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I recently had coffee with the CEO of a growing startup. Like many founders, this CEO and her two counterparts were well-matched and have successfully grown their business together. After five years, they finish each other’s sentences.

Their challenge came when they received funding and hired additional leaders to add to their executive team. After several months, they realized a few things weren’t working. This CEO began to ask herself what had gone wrong, and she uncovered some powerful lessons:

Integrating new leaders requires thought and energy.

She and her counterparts hadn’t fully considered everything it would take to integrate the new leaders. Specifically, they had their inside stories and they knew what they were thinking without having to explain much. The new members were sometimes on the outside of the circle, looking in. The founders had worked together for so long that they didn’t even realize this was happening.

Micromanagement can suffocate someone.

In her reflection, the CEO also realized that they had worked hard to hire someone who had all the skills required to do the job, and do it well, but that once he was in place they had unintentionally micromanaged him to the point of suffocation. The founders wanted things done in the same way they’d been done before. The new leader wondered when he would get to put his own experience to use.

Handing over the reins without context can wreak havoc.

Gun shy after this experience, the CEO and her co-founders went into what turned out to be the opposite direction. They wanted a new leader to feel empowered and to take on ownership of the assigned responsibilities. The pendulum swung to the other side, and they allowed the new hire to fully take the reins almost from day one. In doing so, they gave her too much responsibility without enough historical context too soon.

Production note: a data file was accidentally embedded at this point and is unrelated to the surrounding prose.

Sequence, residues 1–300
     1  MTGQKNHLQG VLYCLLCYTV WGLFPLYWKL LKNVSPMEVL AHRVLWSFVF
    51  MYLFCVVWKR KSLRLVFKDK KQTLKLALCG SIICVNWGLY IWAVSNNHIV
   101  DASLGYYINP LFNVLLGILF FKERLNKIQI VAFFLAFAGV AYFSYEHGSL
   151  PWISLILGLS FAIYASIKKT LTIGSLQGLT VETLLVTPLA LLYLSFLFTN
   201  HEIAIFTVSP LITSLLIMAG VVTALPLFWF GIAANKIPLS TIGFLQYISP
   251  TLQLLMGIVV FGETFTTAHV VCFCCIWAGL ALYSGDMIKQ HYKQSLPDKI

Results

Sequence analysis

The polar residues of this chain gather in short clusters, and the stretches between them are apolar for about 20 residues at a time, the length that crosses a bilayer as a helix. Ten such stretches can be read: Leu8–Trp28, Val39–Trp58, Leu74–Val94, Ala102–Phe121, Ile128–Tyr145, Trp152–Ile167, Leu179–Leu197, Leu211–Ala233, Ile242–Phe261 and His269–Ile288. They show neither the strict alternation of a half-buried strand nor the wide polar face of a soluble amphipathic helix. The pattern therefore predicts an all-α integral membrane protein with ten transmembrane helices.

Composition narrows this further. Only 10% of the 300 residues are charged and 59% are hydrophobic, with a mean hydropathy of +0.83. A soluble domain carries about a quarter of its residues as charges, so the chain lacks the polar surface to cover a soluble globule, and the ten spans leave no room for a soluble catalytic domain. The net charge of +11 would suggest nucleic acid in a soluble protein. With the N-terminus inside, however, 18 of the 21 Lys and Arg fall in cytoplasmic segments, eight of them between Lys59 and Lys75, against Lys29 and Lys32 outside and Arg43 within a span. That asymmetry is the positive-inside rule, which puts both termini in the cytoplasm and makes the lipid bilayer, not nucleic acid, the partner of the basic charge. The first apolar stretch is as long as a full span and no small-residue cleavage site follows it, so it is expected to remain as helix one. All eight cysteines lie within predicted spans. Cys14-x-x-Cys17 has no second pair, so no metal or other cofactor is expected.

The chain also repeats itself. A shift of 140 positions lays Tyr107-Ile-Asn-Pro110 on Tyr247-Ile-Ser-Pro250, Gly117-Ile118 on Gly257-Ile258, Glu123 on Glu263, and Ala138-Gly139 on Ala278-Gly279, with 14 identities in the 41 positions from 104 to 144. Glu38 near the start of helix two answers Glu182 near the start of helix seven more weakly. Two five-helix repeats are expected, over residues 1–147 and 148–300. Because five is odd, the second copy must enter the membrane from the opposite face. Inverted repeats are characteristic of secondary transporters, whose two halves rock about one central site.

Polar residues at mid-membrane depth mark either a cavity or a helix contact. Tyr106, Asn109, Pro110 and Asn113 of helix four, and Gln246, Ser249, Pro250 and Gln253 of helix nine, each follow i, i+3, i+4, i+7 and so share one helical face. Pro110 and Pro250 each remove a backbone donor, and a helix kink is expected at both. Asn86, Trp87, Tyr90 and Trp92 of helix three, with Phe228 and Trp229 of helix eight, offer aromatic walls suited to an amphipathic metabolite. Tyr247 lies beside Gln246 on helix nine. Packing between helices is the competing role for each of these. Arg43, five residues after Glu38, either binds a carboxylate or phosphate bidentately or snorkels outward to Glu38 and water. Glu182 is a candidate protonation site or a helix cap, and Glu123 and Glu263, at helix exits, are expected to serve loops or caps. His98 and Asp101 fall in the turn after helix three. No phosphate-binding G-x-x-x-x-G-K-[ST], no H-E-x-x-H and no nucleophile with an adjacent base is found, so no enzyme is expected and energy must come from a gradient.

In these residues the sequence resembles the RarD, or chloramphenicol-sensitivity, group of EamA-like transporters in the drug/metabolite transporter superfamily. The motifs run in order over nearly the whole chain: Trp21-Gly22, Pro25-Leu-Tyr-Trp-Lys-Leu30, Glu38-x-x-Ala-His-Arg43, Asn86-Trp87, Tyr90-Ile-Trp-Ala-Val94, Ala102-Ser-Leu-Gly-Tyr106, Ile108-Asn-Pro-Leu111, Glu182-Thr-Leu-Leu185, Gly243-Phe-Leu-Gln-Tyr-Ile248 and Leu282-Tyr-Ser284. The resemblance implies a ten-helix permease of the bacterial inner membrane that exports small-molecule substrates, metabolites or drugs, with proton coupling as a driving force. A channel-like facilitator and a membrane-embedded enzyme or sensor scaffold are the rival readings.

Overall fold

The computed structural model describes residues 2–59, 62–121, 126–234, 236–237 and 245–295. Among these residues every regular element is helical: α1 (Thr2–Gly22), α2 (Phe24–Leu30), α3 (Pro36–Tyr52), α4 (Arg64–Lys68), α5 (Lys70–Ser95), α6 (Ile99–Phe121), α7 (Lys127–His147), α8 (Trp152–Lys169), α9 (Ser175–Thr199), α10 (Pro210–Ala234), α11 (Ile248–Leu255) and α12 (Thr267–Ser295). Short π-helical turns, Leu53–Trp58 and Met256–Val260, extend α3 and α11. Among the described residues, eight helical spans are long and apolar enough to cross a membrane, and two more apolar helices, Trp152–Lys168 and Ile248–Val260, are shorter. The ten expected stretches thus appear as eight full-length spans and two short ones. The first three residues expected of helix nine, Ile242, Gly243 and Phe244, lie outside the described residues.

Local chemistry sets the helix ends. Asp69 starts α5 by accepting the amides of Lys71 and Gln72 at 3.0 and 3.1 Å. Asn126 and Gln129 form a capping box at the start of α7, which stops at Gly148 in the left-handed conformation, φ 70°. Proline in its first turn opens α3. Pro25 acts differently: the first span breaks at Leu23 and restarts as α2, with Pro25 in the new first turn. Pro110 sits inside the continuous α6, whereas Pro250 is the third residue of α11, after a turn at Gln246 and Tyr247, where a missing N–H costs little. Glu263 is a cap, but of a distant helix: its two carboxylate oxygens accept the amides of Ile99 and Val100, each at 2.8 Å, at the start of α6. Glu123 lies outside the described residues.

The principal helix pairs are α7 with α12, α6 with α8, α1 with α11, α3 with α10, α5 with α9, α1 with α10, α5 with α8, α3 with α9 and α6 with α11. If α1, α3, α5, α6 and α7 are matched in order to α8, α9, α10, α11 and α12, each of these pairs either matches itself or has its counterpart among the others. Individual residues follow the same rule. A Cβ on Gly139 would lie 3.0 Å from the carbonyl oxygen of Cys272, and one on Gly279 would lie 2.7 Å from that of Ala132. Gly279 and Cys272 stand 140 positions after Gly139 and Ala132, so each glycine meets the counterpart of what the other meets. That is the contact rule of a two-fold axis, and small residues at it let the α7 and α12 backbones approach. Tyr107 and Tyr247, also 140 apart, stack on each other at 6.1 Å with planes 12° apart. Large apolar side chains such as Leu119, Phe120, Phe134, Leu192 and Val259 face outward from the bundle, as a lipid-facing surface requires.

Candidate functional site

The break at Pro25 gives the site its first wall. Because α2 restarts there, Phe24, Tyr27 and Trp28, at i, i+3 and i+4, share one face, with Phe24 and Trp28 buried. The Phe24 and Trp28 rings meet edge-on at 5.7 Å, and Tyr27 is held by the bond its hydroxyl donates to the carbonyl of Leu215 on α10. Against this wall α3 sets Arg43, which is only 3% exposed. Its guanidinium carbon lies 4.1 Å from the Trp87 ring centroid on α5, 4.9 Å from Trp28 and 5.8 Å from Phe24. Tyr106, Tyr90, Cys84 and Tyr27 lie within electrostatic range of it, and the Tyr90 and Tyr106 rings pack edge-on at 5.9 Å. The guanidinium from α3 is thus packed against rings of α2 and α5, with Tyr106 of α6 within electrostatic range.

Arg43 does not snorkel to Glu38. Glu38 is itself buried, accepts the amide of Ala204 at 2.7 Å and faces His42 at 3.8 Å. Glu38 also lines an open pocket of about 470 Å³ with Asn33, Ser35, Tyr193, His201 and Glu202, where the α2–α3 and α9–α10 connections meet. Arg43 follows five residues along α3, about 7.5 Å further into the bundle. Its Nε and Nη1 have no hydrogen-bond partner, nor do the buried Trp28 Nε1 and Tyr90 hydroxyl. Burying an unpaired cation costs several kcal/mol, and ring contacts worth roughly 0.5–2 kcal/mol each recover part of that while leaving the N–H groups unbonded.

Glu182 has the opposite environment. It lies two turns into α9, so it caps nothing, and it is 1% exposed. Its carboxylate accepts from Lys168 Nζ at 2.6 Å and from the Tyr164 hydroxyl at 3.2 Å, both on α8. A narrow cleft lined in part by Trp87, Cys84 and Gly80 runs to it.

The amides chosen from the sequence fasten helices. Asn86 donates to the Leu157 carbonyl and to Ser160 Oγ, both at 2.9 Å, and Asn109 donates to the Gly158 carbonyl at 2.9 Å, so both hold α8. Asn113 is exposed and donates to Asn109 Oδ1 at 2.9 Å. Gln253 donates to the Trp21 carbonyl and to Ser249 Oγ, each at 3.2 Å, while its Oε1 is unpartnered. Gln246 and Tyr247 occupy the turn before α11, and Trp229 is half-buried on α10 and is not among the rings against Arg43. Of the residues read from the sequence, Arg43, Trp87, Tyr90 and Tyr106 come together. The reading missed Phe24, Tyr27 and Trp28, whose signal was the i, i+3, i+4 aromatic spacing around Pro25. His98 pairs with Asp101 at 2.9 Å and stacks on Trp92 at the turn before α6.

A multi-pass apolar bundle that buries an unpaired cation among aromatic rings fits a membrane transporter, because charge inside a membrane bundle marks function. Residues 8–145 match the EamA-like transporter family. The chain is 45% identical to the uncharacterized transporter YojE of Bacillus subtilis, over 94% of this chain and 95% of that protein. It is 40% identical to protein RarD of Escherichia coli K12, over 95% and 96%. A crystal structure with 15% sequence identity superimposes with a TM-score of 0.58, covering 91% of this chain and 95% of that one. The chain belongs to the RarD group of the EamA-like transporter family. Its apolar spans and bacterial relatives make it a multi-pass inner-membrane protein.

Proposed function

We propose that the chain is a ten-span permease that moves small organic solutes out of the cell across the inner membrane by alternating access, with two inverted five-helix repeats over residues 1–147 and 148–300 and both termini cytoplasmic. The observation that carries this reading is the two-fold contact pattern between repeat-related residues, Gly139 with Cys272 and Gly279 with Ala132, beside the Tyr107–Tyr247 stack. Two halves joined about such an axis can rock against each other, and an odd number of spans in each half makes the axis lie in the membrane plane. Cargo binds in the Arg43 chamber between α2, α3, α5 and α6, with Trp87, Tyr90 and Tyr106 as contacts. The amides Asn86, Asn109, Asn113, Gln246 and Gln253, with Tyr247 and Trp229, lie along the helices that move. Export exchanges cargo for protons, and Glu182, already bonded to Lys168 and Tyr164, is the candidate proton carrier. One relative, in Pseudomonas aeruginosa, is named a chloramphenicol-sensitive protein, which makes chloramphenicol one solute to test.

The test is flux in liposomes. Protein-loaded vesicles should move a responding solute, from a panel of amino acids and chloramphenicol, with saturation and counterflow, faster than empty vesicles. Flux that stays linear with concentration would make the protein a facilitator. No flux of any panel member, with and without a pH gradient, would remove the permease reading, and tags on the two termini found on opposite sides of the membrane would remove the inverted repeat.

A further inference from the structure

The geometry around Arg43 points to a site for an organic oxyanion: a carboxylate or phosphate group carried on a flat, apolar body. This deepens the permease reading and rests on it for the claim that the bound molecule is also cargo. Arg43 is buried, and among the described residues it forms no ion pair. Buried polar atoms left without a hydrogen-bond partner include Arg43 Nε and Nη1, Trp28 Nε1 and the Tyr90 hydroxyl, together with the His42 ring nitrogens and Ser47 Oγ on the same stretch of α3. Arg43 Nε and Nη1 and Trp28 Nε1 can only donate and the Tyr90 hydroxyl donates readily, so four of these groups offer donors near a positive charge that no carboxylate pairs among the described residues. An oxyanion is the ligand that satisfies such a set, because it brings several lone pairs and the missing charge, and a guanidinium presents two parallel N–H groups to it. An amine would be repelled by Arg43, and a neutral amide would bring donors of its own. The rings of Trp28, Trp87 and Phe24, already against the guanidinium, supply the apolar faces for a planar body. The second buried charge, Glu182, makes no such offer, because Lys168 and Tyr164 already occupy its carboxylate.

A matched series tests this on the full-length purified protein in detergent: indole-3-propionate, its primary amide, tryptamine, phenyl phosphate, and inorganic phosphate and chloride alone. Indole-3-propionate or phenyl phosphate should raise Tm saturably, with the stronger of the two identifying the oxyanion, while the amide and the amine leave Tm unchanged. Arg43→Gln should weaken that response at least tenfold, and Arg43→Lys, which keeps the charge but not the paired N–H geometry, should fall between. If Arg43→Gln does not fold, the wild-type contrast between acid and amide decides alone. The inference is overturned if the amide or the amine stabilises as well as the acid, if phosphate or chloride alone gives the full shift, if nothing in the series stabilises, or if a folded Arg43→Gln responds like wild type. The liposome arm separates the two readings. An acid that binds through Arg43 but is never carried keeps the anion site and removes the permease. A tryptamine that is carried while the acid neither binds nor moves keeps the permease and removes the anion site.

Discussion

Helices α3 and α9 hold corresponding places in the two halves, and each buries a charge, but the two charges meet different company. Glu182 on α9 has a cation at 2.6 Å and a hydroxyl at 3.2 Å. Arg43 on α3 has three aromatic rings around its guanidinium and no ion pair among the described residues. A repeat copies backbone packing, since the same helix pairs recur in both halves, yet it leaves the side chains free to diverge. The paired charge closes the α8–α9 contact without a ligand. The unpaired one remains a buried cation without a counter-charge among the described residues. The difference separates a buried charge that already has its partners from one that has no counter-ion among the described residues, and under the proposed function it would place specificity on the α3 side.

She was making decisions but without the background she needed. She was missing important context only they could provide. Things weren’t going well, but they didn’t want to lose this great hire. When we met, this CEO was trying to determine the best way to proceed without making the new leader feel demoted while still delaying some of her responsibilities until she’d had more time to learn about the department’s history.

This situation isn’t unique to startups. I’ve seen it happen in family businesses, medium-size organizations and huge corporations. It can be a slippery slope whether you’re hiring a new leader, a new executive to oversee a business unit or a new team manager. Regardless of the situation, you can make things much better if you keep two things in mind:

Be honest and explain the situation. In the case of this CEO’s experience, the second new hire had been given too much authority and responsibility without enough context. Owning that and collaborating on the responsibilities, at least for a while, would lead to a more successful start for her and the organization.

Be mindful from the beginning. When you’re bringing in a new leader, think of how it is for them to join your organization and team. What will be a challenge? How can you collaborate with this individual to make the transition a smooth one? What assumptions do you have, and what assumptions do they have? Get those out in the open and address them from the beginning.

Creating an environment in which it’s acceptable for people to be open and honest about what is and isn’t working will help prevent small issues from manifesting into much bigger issues. With these parameters in mind, hopefully the idea of identifying and hiring the right leader for your organization doesn’t feel as daunting.